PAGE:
A great Korean blog

I find myself reading blogs from expats in Korea on a more regular basis. Here is a jewel I recently discovered called Scribblings of the Metropolitician. Great writing and photography.

I mention him here today because of a particularly thought provoking post on how women are used to sell consumer goods in Korea. My comment to that post explains how I am somewhat conflicted on the matter.

Anyway, it provides an unusual insight into life in Korea. Go have a read.

News from Iraq

I had the honor of working with a Colonel during my first couple of months in Korea. He volunteered for Iraq and recently sent the following email:

A little slow today (not necessarily a bad thing), so I’ll try to bring you up to date on what we are doing over here. Apologize for the length.

Was up in Kurdistan in northeastern Iraq two weeks ago on a recon for future operations. It is quite different from the desert part of Iraq. It is rolling, grass covered hills that turn into mountains as you approach the border with Iran. The Kurdish people also have a different approach than the general Arab population. They are much more direct in their dealings, and have more drive to get the task done. Because of this, and the fact that we did not do much fighting in that region, their infrastructure is well ahead of what we find in most of the rest of Iraq. It is also one of the issues the Iraqi Constitutional Committee will have to resolve as they struggle with the concept of federalism. We had a little down time before our meeting with the Kurdistan Minister of the Interior, so our interpreter took us to the site of the former Ba’athist police HQs and prison, which is being turned into the Kurdish version of a holocaust museum. There are over 182,000 Kurds who just “disappeared” when Sadam purged the border areas, and that does not include the 5000 killed in the chemical attack on Halabja or the other atrocities committed over the past three decades. It was good for the young Soldiers (and some of us old Soldiers) to see first hand why we are here, and why we are helping the Iraqis to fight the insurgents.

I also had a chance to tour the prison part of Abu Ghraib while I was there working some of the issues with our detention facility. Sadam executed 4000 there in AUG 04 to reduce the overpopulation, and estimates run as high as over 300,000 executions at Abu during his regime. The hooks they used to hang prisoners from during questioning are still in the ceilings.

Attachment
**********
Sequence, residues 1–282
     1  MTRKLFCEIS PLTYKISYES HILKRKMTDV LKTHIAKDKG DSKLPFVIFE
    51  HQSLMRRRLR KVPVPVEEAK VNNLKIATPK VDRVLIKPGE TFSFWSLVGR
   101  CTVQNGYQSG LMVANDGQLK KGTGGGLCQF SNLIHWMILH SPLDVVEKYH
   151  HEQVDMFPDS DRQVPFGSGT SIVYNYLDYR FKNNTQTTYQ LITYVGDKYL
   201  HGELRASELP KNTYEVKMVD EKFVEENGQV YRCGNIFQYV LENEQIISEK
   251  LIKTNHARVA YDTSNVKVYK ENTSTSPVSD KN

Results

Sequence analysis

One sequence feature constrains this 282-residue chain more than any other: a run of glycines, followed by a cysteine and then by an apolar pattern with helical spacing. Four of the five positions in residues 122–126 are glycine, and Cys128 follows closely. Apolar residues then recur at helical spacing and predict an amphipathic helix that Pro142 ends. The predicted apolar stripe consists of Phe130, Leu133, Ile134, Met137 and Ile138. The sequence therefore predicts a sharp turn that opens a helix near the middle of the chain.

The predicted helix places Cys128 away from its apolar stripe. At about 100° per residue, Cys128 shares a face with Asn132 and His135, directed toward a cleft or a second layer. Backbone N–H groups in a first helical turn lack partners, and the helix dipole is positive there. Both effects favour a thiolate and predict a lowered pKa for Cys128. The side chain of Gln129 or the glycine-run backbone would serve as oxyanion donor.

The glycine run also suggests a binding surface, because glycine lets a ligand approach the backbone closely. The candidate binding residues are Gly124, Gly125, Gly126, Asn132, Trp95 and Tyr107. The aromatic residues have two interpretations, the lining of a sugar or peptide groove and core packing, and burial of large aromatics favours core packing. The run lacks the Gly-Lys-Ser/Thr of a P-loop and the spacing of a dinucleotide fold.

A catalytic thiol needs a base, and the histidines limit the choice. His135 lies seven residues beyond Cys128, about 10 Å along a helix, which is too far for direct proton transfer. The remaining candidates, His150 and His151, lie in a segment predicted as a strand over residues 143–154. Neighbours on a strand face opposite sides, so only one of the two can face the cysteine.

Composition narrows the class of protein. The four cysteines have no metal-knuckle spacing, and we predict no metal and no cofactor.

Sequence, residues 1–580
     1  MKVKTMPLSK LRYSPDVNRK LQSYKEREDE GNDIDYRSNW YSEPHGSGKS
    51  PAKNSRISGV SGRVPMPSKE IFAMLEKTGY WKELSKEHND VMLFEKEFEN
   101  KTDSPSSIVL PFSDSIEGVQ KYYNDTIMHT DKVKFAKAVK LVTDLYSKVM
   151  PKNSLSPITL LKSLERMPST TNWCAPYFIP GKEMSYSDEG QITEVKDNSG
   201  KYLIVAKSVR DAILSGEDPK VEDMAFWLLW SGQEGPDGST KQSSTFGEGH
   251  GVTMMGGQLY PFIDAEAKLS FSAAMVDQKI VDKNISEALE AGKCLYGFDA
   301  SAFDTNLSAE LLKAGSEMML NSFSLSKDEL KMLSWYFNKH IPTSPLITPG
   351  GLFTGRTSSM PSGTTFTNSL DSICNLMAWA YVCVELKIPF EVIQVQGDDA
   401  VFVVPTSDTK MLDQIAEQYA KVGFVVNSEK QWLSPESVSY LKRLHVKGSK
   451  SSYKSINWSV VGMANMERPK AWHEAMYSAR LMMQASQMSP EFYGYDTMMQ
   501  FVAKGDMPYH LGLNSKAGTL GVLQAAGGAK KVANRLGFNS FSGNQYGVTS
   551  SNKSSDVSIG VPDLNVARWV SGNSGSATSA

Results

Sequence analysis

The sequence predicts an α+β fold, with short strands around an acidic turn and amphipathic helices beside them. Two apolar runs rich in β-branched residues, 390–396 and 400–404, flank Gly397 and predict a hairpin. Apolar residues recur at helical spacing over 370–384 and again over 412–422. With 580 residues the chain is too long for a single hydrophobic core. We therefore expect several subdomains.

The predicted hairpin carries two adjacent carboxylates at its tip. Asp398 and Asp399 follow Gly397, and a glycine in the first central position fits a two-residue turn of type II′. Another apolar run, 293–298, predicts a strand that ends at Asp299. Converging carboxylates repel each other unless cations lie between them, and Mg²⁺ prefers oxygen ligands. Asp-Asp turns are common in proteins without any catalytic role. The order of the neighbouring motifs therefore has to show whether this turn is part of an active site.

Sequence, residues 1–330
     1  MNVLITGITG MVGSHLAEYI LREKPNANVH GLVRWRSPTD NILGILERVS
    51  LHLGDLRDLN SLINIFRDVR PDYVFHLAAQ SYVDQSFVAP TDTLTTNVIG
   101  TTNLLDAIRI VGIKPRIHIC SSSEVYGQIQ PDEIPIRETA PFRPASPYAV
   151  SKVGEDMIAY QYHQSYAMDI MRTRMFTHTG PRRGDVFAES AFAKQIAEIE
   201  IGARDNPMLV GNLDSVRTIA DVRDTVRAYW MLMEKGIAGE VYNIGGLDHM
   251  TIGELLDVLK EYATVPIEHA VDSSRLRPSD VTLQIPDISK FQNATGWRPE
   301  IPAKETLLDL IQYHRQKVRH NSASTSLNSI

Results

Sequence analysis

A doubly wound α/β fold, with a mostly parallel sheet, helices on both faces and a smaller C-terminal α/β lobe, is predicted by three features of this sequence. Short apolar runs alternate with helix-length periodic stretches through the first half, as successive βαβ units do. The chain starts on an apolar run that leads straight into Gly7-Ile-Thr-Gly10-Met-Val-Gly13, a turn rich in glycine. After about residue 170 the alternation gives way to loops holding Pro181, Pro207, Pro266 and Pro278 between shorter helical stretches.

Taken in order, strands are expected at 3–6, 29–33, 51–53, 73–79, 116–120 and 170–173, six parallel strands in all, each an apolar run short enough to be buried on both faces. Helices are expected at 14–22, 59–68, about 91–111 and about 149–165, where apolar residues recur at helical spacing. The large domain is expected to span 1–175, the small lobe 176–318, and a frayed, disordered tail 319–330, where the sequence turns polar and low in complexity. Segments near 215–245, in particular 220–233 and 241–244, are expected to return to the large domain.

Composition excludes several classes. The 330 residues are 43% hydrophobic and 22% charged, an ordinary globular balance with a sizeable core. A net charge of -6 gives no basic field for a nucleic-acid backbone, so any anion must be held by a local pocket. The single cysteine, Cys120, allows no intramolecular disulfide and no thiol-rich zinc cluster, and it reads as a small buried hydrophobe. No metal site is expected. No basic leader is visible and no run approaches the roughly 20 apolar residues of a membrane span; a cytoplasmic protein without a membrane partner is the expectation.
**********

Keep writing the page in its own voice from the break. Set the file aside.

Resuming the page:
Although adaptive, the enemy is not particularly good. He is capable of killing us on a daily basis, but not of mounting any sustained type of operation. We have the advantage strategically, operationally, and tactically in theater (I’m not sure how we are doing in the States). The insurgents have figured out that killing us won’t get us to leave (Somalia syndrome), and it often results in many of them being killed or captured. Therefore they have shifted many of their attacks to the Iraqi Security Forces and the population. Attacking innocent civilians generally is not a good way to gain support for an insurgency, and consequently, the insurgents do not enjoy widespread popular support. They do have support in pockets of Iraq, and are capable of coercing support on a case by case basis, but by and large, they are not representing an oppressed people and enjoying a lot of popular support. Their most recent tactic of attacking foreign diplomats is not likely to garner much support on the world or local stage either. The key to American success here is not defeating the insurgency. It is keeping the insurgents off balance and defeating them tactically and operationally while we train the Iraqi Security Forces, both Army and police, to conduct an effective counterinsurgency without a large US or Coalition presence, while concurrently establishing a governmental infrastructure. Each day and night, Iraqi units are conducting combined operations with our forces and independent operations, and are being quite successful. The LAST thing we want to do is set a timetable for a withdrawal.